Vacancy Announcement: Junior Legal Officer

We are seeking to immediately recruit a Junior Legal Officer to join our Pro Bono Unit, as part of our implementation of the project ‘Documentation = Employability‘, funded by the European Social Fund.

Recruitment Policies

aditus foundation is an independent, voluntary and non-profit organisation established with a mission to monitor, act and report on access to fundamental human rights. Our work includes advocacy, research, capacity building and provision of pro bono legal services in the field of asylum, migration, LGBTIQ+ rights and individual rights and freedoms.

We are seeking to recruit motivated individuals to join our team of human rights advocates in Malta. Our team consists of 4 permanent staff members, supported by a dynamic group of interns and trainees.

aditus is an equal opportunity employer. We value a diverse workforce and an inclusive culture. We encourage applications from all qualified individuals without regard to race, colour, religion, gender, sexual orientation, gender identity or expression, age, marital status, citizenship, and (dis)ability.

Primary Responsibilities

The Junior Legal Officer will be a new addition to our Pro Bono Unit, extending our team to enable us to offer a more comprehensive professional legal service to beneficiaries.

In particular, the Junior Legal Officer will be primarily responsible for the provision of legal services to clients in the various fields, including asylum, migration, LGBTIQ+, etc. The Junior Legal Officer will form part of our Pro Bono Unit and will report to Legal Officer.

Individual case-work with clients covers the following activities:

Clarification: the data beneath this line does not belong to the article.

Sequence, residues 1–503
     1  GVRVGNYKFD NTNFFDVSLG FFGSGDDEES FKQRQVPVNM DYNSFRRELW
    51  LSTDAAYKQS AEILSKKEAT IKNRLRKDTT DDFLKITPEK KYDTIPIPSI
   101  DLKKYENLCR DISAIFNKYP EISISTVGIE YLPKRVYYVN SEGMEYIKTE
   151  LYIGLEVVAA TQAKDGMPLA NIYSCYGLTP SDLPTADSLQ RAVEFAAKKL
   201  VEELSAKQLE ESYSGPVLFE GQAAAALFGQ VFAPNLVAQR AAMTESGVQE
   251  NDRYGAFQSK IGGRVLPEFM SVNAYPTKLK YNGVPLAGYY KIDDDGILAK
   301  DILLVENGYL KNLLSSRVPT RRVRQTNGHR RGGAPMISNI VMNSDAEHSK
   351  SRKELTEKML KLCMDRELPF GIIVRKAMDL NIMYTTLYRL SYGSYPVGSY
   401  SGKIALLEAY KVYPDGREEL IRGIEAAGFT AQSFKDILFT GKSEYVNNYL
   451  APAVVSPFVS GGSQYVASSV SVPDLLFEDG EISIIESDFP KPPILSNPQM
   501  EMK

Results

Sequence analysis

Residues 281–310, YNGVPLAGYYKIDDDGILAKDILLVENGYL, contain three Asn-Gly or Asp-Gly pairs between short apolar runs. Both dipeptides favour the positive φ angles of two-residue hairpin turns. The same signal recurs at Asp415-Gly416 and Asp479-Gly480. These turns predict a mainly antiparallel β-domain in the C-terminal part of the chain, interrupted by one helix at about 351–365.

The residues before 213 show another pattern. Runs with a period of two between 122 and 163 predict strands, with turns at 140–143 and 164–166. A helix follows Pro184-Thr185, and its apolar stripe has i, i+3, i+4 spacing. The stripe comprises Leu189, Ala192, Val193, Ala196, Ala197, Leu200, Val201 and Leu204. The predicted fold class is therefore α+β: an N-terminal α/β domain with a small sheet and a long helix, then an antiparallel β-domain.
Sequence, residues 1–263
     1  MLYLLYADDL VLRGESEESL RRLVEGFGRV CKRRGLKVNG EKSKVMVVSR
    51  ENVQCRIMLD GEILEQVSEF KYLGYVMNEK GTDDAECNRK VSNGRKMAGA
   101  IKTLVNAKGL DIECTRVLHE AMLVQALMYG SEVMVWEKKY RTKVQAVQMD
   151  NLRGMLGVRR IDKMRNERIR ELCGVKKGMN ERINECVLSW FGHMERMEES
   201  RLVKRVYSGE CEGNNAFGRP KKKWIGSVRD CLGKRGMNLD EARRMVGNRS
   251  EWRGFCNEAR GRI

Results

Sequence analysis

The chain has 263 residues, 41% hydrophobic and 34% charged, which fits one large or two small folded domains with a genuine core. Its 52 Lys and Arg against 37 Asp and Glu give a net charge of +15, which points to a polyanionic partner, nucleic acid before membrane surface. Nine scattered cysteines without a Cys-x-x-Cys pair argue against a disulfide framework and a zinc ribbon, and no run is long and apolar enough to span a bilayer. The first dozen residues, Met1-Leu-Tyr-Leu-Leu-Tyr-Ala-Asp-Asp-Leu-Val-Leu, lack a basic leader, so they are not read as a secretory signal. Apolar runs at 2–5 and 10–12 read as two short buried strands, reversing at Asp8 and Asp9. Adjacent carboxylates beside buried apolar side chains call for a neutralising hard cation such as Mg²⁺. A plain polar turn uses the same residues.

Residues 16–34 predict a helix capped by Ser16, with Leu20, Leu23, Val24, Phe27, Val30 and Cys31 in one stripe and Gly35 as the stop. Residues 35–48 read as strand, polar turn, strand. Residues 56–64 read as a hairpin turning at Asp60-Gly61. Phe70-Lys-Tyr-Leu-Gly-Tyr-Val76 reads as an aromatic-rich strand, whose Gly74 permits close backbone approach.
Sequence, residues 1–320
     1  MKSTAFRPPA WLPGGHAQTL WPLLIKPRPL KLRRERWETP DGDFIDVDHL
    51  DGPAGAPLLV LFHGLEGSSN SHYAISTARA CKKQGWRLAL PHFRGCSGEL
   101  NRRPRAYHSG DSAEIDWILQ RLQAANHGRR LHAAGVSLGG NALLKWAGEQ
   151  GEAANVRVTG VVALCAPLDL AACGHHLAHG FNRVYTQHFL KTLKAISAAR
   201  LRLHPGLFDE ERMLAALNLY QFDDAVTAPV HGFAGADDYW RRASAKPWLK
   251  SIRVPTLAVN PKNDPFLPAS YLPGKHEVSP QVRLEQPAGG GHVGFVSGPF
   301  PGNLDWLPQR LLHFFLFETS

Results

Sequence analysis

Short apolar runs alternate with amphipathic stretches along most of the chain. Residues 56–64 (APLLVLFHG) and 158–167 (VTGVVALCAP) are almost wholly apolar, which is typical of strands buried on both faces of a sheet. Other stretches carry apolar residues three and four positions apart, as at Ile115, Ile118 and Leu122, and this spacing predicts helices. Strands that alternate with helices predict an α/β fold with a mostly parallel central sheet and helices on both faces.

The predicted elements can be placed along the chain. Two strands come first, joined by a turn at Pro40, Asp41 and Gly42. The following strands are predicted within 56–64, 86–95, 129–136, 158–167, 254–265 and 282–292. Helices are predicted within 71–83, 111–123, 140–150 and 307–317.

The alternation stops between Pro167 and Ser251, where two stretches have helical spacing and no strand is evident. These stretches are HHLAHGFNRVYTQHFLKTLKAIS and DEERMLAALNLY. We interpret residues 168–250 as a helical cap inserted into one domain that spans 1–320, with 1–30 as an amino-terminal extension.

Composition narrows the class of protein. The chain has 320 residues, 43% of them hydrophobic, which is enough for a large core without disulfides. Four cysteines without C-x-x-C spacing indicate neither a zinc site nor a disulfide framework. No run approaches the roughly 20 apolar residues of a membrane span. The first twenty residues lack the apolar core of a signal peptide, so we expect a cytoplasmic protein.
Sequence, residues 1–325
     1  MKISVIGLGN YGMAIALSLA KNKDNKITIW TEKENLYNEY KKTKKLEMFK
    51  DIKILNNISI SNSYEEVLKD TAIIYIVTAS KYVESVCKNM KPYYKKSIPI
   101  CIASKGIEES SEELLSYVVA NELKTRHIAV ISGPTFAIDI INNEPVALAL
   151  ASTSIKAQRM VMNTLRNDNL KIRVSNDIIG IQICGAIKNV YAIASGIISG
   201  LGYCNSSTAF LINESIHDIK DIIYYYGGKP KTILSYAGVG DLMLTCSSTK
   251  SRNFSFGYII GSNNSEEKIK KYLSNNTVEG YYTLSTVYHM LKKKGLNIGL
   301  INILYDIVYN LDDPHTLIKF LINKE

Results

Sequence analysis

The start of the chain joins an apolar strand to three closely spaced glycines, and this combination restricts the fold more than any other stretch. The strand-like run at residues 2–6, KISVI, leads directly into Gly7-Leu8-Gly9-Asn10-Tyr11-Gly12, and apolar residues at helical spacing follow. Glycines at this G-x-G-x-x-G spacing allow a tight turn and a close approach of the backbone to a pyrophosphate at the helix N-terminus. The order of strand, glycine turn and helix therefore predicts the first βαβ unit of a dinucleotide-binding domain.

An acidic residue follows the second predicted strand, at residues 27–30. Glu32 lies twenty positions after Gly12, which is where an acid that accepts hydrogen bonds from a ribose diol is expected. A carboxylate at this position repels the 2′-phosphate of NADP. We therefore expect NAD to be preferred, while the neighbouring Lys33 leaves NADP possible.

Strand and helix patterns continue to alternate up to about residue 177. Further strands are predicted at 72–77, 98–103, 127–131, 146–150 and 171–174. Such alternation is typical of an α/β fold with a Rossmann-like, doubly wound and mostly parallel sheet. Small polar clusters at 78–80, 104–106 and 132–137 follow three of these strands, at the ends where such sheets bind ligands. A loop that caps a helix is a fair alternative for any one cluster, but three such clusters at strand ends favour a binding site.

• Preparation and delivery of information;
  • Interventions with relevant authorities, including email correspondence, legal submissions, participation in client meetings, etc.;
  • Participation at tribunal sittings;
  • Preparation of submissions for our strategic litigation cases in Maltese Courts;
  • Representation of beneficiaries in Court sittings;
  • Assisting clients during client drop-in days and visiting clients in open and closed centres;
  • Providing support to the Legal Officer in the formulation and implementation of our legal strategy;
  • Liaison with the Case Officer to ensure a comprehensive case management approach to our beneficiaries;
  • General human rights support to our beneficiaries.

Required Qualifications

We are looking for a candidate who can effectively demonstrate the following:

  • University degree in law or legal studies, having covered international/Maltese human rights law;
  • At least 1 year experience working as a lawyer within the Maltese legal system;
  • Excellent research and drafting skills (English and Maltese);
  • Willingness to travel for seminars and conferences, as these arise;
  • Fluency in English and Maltese;
  • Ability to work in a small team and in a fast-paced environment;
  • A commitment to diversity which respects differences of race, ethnicity, gender, sexual orientation, gender identity and expression, religion and ability. In particular, a commitment to respect the Code of Conduct of the Malta Refugee Council.

Offer

We are able to offer the following to the selected candidate:

  • Immediate and full-time engagement;
  • 18-month contract, with the possibility of this being converted to an indefinite contract;
  • Salary package that is commensurate with experience;
  • Statutory vacation and sick leave;
  • A flexible and family-friendly working environment;
  • A fun and committed group of colleagues!

Application Procedure

Please send applications to Katarzyna De Wilde, our Programmes Officer, at [email protected], attaching a (1) covering letter, (2) updated CV with at least 1 reference by not later than 3 May 2021

All applications should include ‘Junior Legal Officer position’ in the subject line.





Malta and national minorities: what does the Council of Europe say?

Fifth Opinion of Malta of the Advisory Committee on the Framework Convention for the Protection of National Minorities, Council of Europe, 18 February 2021